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Pinellas playgrounds receive nearly $7M in upgrades

Ashley Morales



iDiscover Christian Academy, Inc. in St. Petersburg was able to upgrade its playgrounds thanks to APRA funding from the Early Learning Coalition of Pinellas (ELC Pinellas) and the Florida Division of Early Learning. Photo provided.

Kids in Pinellas County are getting safer, more modern places to play, thanks to a significant investment.

The Early Learning Coalition of Pinellas (ELC Pinellas), a nonprofit agency that supports early care and education, and the Florida Division of Early Learning have distributed nearly $7 million in grants to 320 area child care providers to improve their playgrounds and outdoor play spaces. The funding, which comes from the American Rescue Plan Act (ARPA), has allowed child care providers to make a variety of upgrades.

Lindsay Carlson, CEO of ELC Pinellas, said the most common upgrades early educators have purchased are new play surfaces (like replacing sand or mulch with artificial turf), more modern equipment and adding sun shades to protect young children from the Florida heat.

“Our early learning programs and childcare programs run on really tight profit margins, so most of them don’t have the capital to just say, ‘Oh, I’m going to invest $50,000 right now,’” Carlson said. “These grants allow us to create safe and healthy outdoor learning environments that support child development. Young children learn through play; they are not intended to sit at a desk all day. Those experiences on the playground and through play really are some of those formative experiences that give them the opportunity to explore, create, problem solve together and communicate.”

iDiscover Christian Academy, ​​6405 46th Ave N. in St. Petersburg, used the funding to replace the mulch in its three playgrounds with cleaner, easier-to-maintain artificial turf. 

Jean Cavalier, Owner of iDiscover, said the funding also allowed her to purchase new child-sized playground equipment, giving teachers more opportunities to enhance their lessons by moving them outside.

“We were doing STEM activities indoors, but now that we have the turf, we’re able to bring those STEM classes outdoors, because it’s kind of messy play,” said Cavalier. “They’re doing science experiments and all kinds of activities, so they’re able to do that outside and now we can just hose it down.”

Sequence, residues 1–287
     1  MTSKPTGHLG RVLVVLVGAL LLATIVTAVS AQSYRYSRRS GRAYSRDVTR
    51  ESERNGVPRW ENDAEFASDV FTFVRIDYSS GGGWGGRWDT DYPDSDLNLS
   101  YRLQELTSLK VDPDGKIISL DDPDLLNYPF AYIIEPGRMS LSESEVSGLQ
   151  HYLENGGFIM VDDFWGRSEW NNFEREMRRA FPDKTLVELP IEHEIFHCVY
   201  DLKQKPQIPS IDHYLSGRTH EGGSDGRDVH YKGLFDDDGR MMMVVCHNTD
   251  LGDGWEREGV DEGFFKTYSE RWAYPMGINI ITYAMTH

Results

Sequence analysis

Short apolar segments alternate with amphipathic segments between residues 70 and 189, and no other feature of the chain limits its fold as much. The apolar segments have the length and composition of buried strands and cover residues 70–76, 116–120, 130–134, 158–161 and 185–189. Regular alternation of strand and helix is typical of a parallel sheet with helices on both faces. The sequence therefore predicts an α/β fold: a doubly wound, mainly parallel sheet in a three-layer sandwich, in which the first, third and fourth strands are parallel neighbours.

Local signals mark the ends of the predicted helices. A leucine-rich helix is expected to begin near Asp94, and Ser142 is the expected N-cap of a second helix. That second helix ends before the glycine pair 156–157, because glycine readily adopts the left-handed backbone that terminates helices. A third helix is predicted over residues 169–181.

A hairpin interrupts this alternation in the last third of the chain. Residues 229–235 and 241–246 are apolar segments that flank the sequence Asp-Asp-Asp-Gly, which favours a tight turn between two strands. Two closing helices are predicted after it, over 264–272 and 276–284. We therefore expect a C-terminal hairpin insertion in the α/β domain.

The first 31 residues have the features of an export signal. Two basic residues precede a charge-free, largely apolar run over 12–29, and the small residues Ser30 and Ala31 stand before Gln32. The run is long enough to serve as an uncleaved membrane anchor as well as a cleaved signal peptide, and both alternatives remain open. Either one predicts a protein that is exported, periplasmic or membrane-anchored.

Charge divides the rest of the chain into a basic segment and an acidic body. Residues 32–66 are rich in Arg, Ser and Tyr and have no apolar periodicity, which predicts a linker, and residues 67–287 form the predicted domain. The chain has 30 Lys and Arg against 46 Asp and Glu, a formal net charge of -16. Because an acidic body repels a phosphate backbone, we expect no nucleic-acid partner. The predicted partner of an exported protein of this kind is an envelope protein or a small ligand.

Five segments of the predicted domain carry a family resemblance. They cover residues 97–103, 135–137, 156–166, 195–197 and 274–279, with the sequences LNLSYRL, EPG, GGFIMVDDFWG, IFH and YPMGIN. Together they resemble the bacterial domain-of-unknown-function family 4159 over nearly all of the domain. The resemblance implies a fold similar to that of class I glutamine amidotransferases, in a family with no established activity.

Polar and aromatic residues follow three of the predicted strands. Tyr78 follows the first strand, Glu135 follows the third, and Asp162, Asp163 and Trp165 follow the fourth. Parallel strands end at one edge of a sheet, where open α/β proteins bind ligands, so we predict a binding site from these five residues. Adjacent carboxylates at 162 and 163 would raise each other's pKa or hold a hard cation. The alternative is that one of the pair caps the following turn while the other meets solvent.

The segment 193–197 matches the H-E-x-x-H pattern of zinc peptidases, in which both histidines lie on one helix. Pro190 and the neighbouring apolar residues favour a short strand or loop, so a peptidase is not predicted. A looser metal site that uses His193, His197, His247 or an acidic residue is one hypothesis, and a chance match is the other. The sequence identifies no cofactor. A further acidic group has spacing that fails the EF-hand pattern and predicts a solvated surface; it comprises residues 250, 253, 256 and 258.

A new study from the National Institutes of Health shows that green space may improve young children’s mental health. Researchers found that young children from 2 to 5 years old living in areas with more green spaces had fewer symptoms of anxiety and depression. 

Carlson also emphasized that modern, well-functioning playgrounds aren’t just useful for helping kids blow off steam – they’re an important part of early brain development.

“For example, they’re not just learning physical coordination as they as they climb the ladder [on a playground],” Carlson explained. “They cross over hemispheres, so they move their right hand to the left side of their body, allowing them to develop both sides of their brain.”

Both Carlson and Cavalier said parents have also taken note of the improved playgrounds throughout Pinellas County. 

“[We’re facing] workforce shortages and childcare is the number one reason that families are struggling to return to remain in the workforce,” Carlson said. “Parents want to know that their children are in a healthy and safe learning environment, and getting that development that they need so that parents can actually return to the workforce.”

“We’re really thankful that the children are able to develop, just like they do indoors, with outdoor activities now,” said Cavalier. “They’re painting and playing on the outdoor equipment, using their creativity and imaginations along with that physical development. It’s amazing.”


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